Laura Meyer, AJCC

The solution: Structure the content, centralize the source, connect with existing information systems

The AJCC enlisted the help of Scriptorium Publishing, a content strategy consultancy, and easyDITA, a component content management system (CCMS), to implement a solution that balanced these needs.

To solve the problem of access to specific content, Scriptorium designed an information architecture for the staging manual’s unique requirements and the AJCC moved the content to easyDITA, an XML-based structured content environment that would allow end-users to call information via an Application Programming Interface or API.

The result: The Cancer Staging Manual can now interface directly with health information systems via APIs

Structuring the content in the Manual and centralizing it as XML files in the easyDITA database made it possible to deliver organized, properly formatted, and searchable information on cancer staging directly to existing health information systems. This greatly increases the accessibility of the information in clinical and research environments and makes possible more frequent updates and additions to the current state of cancer staging assessment.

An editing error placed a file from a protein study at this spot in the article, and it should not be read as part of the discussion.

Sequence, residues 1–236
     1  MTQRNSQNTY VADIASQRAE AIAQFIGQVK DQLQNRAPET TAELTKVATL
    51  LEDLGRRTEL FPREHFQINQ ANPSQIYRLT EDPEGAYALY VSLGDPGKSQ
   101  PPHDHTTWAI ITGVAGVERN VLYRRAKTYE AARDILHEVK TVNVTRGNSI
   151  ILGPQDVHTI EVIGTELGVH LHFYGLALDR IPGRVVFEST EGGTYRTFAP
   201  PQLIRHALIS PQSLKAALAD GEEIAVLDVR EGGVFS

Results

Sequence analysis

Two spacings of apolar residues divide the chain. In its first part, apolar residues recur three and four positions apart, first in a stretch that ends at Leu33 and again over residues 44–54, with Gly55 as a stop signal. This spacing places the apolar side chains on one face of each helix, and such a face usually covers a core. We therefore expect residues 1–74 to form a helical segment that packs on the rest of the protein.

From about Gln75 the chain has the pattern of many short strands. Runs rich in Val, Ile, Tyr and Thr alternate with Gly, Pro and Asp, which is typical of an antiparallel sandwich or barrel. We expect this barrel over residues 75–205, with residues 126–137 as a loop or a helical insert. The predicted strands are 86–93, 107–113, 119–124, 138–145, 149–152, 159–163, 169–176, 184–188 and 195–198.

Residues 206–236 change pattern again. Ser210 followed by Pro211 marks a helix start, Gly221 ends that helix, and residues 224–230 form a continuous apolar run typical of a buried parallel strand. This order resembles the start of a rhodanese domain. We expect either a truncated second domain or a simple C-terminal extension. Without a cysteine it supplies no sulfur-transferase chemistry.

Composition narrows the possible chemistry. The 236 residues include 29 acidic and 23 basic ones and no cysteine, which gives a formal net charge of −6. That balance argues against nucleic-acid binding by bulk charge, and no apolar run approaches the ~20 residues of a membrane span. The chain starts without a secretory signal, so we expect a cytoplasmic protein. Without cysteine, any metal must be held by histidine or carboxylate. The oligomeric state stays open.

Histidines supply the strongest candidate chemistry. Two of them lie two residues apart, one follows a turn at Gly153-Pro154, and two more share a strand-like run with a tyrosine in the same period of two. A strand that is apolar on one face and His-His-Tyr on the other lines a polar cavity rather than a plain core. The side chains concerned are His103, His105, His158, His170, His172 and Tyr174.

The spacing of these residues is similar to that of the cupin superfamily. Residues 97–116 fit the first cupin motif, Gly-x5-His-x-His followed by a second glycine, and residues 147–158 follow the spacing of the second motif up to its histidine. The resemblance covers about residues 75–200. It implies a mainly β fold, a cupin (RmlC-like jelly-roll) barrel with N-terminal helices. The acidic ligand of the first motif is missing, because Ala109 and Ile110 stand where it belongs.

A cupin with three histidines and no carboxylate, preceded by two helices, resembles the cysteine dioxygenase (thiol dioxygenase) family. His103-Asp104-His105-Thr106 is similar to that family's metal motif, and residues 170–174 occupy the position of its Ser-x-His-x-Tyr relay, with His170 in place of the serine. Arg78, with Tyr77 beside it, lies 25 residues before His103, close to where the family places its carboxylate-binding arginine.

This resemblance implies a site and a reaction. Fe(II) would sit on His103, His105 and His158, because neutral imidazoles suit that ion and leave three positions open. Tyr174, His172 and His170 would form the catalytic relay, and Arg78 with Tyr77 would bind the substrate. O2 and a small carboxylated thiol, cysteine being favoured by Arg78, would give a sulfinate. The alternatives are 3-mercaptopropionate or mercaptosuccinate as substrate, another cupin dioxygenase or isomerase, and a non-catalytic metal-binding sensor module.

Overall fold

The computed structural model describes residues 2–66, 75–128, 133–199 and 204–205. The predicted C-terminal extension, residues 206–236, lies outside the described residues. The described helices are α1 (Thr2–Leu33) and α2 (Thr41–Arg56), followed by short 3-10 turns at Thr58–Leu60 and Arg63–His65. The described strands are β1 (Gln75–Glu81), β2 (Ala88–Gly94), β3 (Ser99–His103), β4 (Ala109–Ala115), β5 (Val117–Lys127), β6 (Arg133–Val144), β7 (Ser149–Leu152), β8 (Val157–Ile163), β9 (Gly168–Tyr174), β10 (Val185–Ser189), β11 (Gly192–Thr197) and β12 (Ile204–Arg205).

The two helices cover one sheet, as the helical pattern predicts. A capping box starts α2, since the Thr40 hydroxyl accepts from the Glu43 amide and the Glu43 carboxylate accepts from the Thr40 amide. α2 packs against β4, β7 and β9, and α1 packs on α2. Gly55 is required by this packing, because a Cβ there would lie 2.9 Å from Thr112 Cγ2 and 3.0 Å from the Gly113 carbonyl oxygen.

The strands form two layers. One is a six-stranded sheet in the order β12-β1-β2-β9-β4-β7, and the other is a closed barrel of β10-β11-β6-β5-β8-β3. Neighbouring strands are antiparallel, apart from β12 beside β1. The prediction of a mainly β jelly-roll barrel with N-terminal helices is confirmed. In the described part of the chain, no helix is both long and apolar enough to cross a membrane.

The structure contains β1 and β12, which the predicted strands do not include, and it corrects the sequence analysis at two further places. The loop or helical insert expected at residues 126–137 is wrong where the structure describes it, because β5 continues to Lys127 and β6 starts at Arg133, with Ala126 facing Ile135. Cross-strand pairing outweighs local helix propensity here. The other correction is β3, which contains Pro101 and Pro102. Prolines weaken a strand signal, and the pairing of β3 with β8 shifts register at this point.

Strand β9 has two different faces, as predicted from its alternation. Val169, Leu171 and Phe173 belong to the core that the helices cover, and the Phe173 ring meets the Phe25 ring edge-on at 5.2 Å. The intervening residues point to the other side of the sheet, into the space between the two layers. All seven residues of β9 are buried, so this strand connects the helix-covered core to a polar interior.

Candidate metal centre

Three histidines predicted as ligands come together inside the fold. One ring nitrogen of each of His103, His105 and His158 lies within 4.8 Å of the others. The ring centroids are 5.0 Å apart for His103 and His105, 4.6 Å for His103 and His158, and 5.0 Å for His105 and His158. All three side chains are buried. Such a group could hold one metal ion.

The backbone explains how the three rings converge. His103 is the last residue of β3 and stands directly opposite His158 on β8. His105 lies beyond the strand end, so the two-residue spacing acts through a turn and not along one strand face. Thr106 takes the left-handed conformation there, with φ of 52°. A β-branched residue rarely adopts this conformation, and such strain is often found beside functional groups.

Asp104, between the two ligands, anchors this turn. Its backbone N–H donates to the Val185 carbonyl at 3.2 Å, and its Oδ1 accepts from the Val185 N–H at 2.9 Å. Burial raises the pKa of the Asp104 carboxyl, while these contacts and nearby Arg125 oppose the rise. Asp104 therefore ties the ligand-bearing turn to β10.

In addition, as the AJCC moves into production of the next edition of the manual, having the information available in a centralized, standard format, while retaining familiar authoring and review interfaces, will simplify the authoring, editing, and review processes for its over 400 contributors

The CCMS is linked to our API, and the API end-users probably reap the most benefit from the system now; their content is more up-to-date than the print manuals. We plan to build more outputs that will help us move away from having to maintain separate documents.

Laura Meyer, AJCC

About the Author

Gretyl Kinsey

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Technical Consultant. Content strategy, tech comm, and LearningDITA. Musician, cosplayer, and devourer of delicious desserts.